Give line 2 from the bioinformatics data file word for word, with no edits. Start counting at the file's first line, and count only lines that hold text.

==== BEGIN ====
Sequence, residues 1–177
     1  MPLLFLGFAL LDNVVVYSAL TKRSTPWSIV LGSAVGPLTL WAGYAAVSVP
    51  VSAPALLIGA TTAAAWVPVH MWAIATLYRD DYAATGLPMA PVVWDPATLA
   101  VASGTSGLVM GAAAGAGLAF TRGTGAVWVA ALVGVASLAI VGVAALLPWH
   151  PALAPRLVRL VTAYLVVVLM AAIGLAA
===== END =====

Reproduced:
     1  MPLLFLGFAL LDNVVVYSAL TKRSTPWSIV LGSAVGPLTL WAGYAAVSVP